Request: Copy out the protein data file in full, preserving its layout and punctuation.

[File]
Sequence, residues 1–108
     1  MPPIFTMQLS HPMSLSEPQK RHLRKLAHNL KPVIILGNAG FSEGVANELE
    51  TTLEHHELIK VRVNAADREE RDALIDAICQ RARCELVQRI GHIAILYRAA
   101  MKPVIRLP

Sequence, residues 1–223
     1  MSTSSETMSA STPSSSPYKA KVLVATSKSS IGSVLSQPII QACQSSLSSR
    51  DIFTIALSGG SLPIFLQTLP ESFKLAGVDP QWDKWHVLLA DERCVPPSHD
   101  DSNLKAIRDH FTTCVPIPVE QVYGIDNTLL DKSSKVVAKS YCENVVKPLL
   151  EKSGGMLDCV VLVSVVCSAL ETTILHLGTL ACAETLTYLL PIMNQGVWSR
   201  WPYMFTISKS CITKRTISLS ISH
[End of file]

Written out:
Sequence, residues 1–108
     1  MPPIFTMQLS HPMSLSEPQK RHLRKLAHNL KPVIILGNAG FSEGVANELE
    51  TTLEHHELIK VRVNAADREE RDALIDAICQ RARCELVQRI GHIAILYRAA
   101  MKPVIRLP

Sequence, residues 1–223
     1  MSTSSETMSA STPSSSPYKA KVLVATSKSS IGSVLSQPII QACQSSLSSR
    51  DIFTIALSGG SLPIFLQTLP ESFKLAGVDP QWDKWHVLLA DERCVPPSHD
   101  DSNLKAIRDH FTTCVPIPVE QVYGIDNTLL DKSSKVVAKS YCENVVKPLL
   151  EKSGGMLDCV VLVSVVCSAL ETTILHLGTL ACAETLTYLL PIMNQGVWSR
   201  WPYMFTISKS CITKRTISLS ISH